Heavy-duty truck orders hit 12-year seasonal adjusted high in June, ACT said
Fourth time in six months that net orders exceeded 40,000 units
Want more data points reinforcing the strength in U.S. trucking? Here's another.
Net "Class 8," or heavy-duty, truck orders—defined as firm orders minus cancellations--rose to 42,224 units in June, according to consultancy ACT Research. On a seasonally adjusted basis, it is the highest monthly net order volume since March 2006, the consultancy said yesterday. It came during what is typically one of the year's weakest months, and is the fourth month so far this year that net orders surpassed 40,000 units, ACT said.
The Class 5-7, or medium-duty market, which includes vehicles like large package delivery vans, rose in June to a three-month high, ACT said. The strength in the medium-duty segment was also reminiscent of 2006 activity, according to the firm.
Today's new trucks appeal to fleets and drivers because they offer top-tier technologies and excellent fuel economy, the latter being of greater importance with the relentless rise in diesel fuel costs, according to Kenny Vieth. In addition, new truck purchases will help truckers offset the bite of what will likely be an elevated 2018 tax bill as carriers will report higher profits due to stronger demand and higher freight rates, Vieth said today.
In a tight market for qualified drivers, fleets will find it harder to compete for labor unless they can make the latest equipment available, he added.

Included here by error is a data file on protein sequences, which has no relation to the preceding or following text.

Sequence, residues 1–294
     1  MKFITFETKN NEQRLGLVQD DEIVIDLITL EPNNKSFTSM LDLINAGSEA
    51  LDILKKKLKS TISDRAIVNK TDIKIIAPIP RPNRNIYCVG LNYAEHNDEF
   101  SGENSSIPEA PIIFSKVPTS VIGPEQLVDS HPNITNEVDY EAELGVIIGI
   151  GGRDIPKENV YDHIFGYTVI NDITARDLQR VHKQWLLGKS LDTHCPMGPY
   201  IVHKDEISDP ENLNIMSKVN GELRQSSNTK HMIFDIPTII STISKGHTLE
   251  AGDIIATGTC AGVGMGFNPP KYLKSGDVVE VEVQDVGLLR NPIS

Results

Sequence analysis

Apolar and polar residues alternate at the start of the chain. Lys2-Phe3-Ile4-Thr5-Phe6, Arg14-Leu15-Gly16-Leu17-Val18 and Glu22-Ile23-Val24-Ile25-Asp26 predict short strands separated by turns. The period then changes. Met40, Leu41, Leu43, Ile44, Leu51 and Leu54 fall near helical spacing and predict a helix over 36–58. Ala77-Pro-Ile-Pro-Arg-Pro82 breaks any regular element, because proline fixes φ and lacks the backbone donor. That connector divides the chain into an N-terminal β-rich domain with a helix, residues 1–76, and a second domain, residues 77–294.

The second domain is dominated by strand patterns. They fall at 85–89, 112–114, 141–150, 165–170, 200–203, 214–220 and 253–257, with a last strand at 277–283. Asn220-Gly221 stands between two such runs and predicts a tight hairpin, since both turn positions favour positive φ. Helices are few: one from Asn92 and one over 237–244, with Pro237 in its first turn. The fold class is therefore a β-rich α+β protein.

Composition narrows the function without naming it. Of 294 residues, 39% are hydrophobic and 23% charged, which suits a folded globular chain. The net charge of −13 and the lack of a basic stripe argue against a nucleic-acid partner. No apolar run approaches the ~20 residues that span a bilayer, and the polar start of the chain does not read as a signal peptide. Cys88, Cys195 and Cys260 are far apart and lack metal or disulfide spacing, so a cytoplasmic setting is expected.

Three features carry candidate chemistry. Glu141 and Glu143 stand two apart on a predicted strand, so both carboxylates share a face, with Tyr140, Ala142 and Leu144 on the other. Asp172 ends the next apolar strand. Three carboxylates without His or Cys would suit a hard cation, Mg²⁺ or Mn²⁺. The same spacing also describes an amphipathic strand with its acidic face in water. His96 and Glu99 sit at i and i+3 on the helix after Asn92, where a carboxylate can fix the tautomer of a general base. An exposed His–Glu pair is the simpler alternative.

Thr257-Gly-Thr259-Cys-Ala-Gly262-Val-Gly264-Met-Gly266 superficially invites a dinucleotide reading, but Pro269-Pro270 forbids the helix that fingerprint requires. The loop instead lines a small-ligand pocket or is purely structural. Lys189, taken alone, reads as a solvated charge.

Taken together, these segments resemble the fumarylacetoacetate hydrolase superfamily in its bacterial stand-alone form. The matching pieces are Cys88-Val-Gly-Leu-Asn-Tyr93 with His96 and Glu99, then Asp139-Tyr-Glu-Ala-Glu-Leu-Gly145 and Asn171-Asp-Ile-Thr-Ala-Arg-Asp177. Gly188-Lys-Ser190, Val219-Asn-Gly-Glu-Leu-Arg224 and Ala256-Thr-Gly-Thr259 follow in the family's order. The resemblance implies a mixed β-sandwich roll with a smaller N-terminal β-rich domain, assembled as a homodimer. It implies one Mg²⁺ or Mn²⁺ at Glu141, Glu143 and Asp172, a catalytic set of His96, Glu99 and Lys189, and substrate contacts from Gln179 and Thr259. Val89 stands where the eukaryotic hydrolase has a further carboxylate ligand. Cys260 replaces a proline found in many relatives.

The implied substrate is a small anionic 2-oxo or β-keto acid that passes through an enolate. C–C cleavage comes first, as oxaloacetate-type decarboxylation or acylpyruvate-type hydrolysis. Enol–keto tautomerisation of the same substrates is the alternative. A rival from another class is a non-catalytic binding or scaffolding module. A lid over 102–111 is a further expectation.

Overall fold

Yet as has been the case for many years, virtually all of the new equipment will replace existing rigs rather than add to existing fleet sizes. The main reason is the lack of drivers, at least in the for-hire category, Vieth said. According to employment data tracked by the U.S. Bureau of Labor Statistics (BLS), 17,000 for-hire drivers were added through June, following a relatively paltry 9,000 driver jobs that were added in all of 2017. The BLS data does not capture driver hiring data from private fleets.
"From that data, we can infer that if there are for-hire fleets that are growing capacity this year relative to freight growth, they are likely doing it at another fleet's expense," Vieth said in an e-mail.
As for private fleets, Vieth said anecdotal evidence suggests that they are growing their operations to reduce their exposure to the rapid rise in for hire cartage costs. The company has no practical way of measuring the growth of private fleet capacity, he added.
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